• A settlement strategy that identified settlements where sustainable development would take place
• A delivery strategy that contained a presumption in favour of sustainable development within defined plan boundaries of specific settlements.
The Deputy High Court Judge held that this was sufficient to identify the land for potential development and therefore excluded the land from the right to apply for registration as a TVG under section 15(C) of the Commons Act 2006.
|Case law – R (Mansfield District Council) v Secretary of State for Housing, Communities and Local Government  EWHC 1794 (Admin)||The High Court upheld a judicial review challenge and quashed the planning inspector’s decision in respect of whether a planning obligation regarding a highway costs contribution could be discharged pursuant to section 106(A) of the Town and Country Planning Act 1990 (TCPA 1990) by modifying the existing Section 106 Agreement.
An obligation secured by a s106 Agreement can be discharged if it no longer serves “a useful purpose” (s106(A) TCPA 1990).
The High Court found that the inspector had erred in law in failing to identify what useful purpose the planning obligation served and whether that purpose still remained and duly quashed the planning inspector’s decision.
Mr Justice Garnham went on to conclude in that a useful purpose for the purpose of s106A does not have to be a “planning purpose” and in this case the recovering of public money to facilitate the development was a “useful purpose”.
|Case law - R (on the application of Langton) v Secretary of State for Environment, Food and Rural Affairs  EWHC 2190 (Admin)||The High Court considered the application of the CJEU’s judgment in People Over Wind. Sir Ross Cranston found that conditions on badger cull licences preventing culling near SPA interest features were NOT mitigation measures for the purpose of Environmental Impact Assessments but integral parts of the project and therefore could be relied on at the screening stage. He thought it would be contrary to common sense for the competent authority to assume that culling would take place where it was proposed not to take place under agreed licence conditions.
Importantly, in so finding he was accepting Natural England’s submissions as to the effect of People Over Wind. This might signal a departure from the cautious approach to People Over Wind encouraged by many, including PINS, in recent months.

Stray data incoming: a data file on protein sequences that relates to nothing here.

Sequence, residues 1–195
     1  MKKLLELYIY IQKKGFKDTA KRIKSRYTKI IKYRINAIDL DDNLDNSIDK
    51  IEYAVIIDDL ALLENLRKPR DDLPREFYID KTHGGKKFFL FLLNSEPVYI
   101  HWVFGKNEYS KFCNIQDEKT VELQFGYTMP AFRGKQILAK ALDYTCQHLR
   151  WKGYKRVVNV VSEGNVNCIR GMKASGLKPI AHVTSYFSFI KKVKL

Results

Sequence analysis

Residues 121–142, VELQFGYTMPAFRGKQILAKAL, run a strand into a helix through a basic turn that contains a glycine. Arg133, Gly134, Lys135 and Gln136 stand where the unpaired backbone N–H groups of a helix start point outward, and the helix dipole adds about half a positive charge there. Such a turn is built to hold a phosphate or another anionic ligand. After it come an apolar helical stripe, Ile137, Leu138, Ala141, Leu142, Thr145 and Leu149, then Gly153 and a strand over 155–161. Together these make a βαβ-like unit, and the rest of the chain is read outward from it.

|Case law – Grace and Sweetman v An Bord Pleanala -  EUECJ C-164/17||The CJEU considered Article 6 of the Habitats Directive (92/43/EEC) on the conservation of natural habitats and wild fauna and flora at the request of the Supreme Court (Ireland).
The case involved the construction of a wind farm in an SPA which hosts the natural habitat of the hen harrier (a protected species of bird) and the proposal contained measures to replace lost habitat.
The Court held that it is only, when it is sufficiently certain, that a measure will make an effective contribution to avoiding harm can such a measure be taken into consideration when deciding that a project will not adversely affect the integrity of the site concerned. Where the results are highly difficult to forecast with any degree of certainty the measures can only be taken into account when considering whether there are imperative reasons for overriding public interest which justify the project.
This judgment should be read in conjunction with the Langton judgment referred to above in order to assess the stage at which environmental measures may be taken into account.
|Case law – PINS appeal APP/L5240/L/18/1200176||The development was not completed in accordance with the original planning permission and subsequently retrospective permission was granted. Whilst there was no Community Infrastructure Levy Charging Schedule in place as at the date of the original grant (and therefore that development was not subject to CIL) a Charging Schedule had been adopted before the grant of the retrospective permission. As such the development then became subject to CIL and the applicant should have submitted a Commencement Notice before starting works.
This is a cautionary tale, had the development not been completed it may have been possible to vary the permission pursuant to s73 of the Town and Country Planning Act 1990 and avoid/reduce the CIL liability.
|The Home Loss Payments (Prescribed Amounts)(England) Regulations 2018||The Home Loss Payments (Prescribed Amounts) (England) Regulations 2018 (2018 Regulations) have been made and are due to come into force on 1 October 2018.
Any person who occupies a dwelling who is displaced from that dwelling by a compulsory purchase order is due compensation under section 29 of the Land Compensation Act 1973.
The 2018 Regulations set the amount of compensation payable in respect of displacements which occur on or after 1 October 2018.
Payments will increase in line with house price inflation to a minimum of £6,300 and a maximum of £63,000. The prescribed amount is increased to £6,300.
The content of this page is a summary of the law in force at the date of publication and is not exhaustive, nor does it contain definitive advice. Specialist legal advice should be sought in relation to any queries that may arise.